• Omnis web solution •
Omnis Web application plays a crucial role in reviewing qualification data of
components in the World’s Largest Particle Accelerator
The Challenge: The CMS detector is developed cooperatively in a group of 198 institutes in 45 countries, including the Institute for Experimental Physics at the University of Hamburg. The Hamburg team develops and improves the Silicon pixel detectors in the innermost shell of the CMS, or the “Tracker”. The tracker consists of 66 million pixel detectors each 0.1 mm x 0.15 mm, totaling 16 m² of silicon in the tracker.
The challenge of the scientists in the Hamburg detector lab is to develop radiation hard Silicon pixel detectors to be used in the upcoming CMS upgrade. Therefore, they are measuring detector properties before and after radioactive irradiation. The comprehensive measurement data are stored permanently on a server. Since 2009 about 25,000 data files have been collected.
All the members of the Institute of Experimental Physics can access this database via their web browser, search for meta data (type of detector, date of measurement, operator, irridiation history, temperature etc.) and download matching records on their computers for further evaluation.
The Large Hadron Collider (LHC) near Geneva in Switzerland has a circumference of 27km and is the largest and most powerful particle accelerator in the world. It accelerates protons to nearly the velocity of light and collides them at four locations around its ring. At these points, the energy of the particle collisions gets transformed into mass, spraying particles in all directions. The 15 metre high and 21 metre long Compact Muon Solenoid (CMS) detector sits at one of these four collision points. It is designed to observe any new physics phenomena that the LHC might reveal.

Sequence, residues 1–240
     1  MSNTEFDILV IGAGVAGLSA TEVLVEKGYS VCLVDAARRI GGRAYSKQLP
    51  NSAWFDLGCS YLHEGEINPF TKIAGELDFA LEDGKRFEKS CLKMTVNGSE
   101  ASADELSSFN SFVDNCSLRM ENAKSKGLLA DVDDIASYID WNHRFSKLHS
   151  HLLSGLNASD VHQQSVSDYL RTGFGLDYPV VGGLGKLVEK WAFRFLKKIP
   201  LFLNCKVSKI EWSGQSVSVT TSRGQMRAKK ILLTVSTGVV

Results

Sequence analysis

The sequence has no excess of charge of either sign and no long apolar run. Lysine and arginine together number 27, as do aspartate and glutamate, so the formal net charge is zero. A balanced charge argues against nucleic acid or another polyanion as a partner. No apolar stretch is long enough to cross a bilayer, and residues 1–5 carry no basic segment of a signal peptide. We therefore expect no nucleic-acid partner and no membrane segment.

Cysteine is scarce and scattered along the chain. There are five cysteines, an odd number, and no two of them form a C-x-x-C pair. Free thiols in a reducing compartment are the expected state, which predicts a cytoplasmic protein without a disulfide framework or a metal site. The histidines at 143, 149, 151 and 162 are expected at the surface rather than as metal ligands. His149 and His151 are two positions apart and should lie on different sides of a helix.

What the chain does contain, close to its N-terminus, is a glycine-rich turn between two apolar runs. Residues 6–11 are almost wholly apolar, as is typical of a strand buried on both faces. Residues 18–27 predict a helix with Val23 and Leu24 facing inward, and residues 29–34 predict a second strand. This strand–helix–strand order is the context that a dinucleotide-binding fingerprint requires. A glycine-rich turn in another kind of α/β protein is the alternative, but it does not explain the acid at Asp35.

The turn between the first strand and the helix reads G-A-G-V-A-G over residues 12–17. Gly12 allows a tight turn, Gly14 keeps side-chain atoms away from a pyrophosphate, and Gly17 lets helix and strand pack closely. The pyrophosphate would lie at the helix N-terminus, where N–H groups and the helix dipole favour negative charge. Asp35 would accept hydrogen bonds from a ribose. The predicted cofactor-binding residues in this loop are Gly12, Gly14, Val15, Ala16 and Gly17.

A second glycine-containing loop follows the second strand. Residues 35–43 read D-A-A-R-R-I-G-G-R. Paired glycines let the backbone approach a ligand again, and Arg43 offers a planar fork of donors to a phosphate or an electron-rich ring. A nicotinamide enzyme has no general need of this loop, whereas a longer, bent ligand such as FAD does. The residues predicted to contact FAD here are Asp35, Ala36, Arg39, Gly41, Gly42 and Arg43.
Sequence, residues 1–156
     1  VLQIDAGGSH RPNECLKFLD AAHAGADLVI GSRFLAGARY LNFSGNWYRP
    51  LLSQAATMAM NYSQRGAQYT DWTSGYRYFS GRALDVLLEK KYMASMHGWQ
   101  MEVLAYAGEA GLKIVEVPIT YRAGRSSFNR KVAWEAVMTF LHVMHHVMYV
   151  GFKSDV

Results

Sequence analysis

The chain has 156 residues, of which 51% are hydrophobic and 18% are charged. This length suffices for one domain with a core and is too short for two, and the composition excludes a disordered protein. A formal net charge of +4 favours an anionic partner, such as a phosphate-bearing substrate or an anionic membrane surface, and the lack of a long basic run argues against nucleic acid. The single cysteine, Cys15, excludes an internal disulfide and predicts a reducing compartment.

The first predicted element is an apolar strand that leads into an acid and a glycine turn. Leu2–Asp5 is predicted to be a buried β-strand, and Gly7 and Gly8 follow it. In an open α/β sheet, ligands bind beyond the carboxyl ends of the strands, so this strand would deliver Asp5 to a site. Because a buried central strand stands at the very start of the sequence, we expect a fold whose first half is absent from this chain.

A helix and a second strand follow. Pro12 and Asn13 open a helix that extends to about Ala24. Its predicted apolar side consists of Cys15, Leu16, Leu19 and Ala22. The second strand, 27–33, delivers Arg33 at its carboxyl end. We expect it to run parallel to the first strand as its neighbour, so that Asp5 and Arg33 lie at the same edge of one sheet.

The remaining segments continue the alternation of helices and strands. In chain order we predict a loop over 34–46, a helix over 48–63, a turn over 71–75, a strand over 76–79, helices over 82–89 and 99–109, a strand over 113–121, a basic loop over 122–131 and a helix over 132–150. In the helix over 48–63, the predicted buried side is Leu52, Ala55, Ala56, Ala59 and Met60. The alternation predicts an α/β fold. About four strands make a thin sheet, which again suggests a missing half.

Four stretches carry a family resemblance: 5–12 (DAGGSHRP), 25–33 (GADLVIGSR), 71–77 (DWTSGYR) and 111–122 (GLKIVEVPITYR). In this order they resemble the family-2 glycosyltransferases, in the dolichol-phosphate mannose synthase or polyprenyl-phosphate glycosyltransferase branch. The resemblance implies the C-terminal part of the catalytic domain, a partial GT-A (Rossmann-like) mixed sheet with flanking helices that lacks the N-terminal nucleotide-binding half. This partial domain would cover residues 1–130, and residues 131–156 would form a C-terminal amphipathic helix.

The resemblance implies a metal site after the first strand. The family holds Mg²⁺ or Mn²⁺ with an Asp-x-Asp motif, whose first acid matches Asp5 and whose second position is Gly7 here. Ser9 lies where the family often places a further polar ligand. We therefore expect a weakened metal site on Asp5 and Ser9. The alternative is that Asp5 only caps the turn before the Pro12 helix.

The CMS detector acts as a giant, high-speed camera, taking 3D “photographs” of particle collisions from all directions up to 40 million times each second. By identifying nearly all the stable particles produced in each collision, measuring their momenta and energies, and then piecing together the information of all these particles (like putting together the pieces of a puzzle), the CMS can recreate an “image” of the collision for further analysis.
“Due to Omnis Studio’s Rapid Application Development ability, the development of the application only took 2 months from the decision to use Omnis up to a working prototype showing all the main functionality. I want to especially emphasize the great cooperation between the Institute for Experimental Physics and Omnis Software Germany. The technical support team was very cooperative and helpful with their profound experience. Critical bugs have been fixed within just a few days,” said Dr. Michael Hufschmidt, developer of the web application.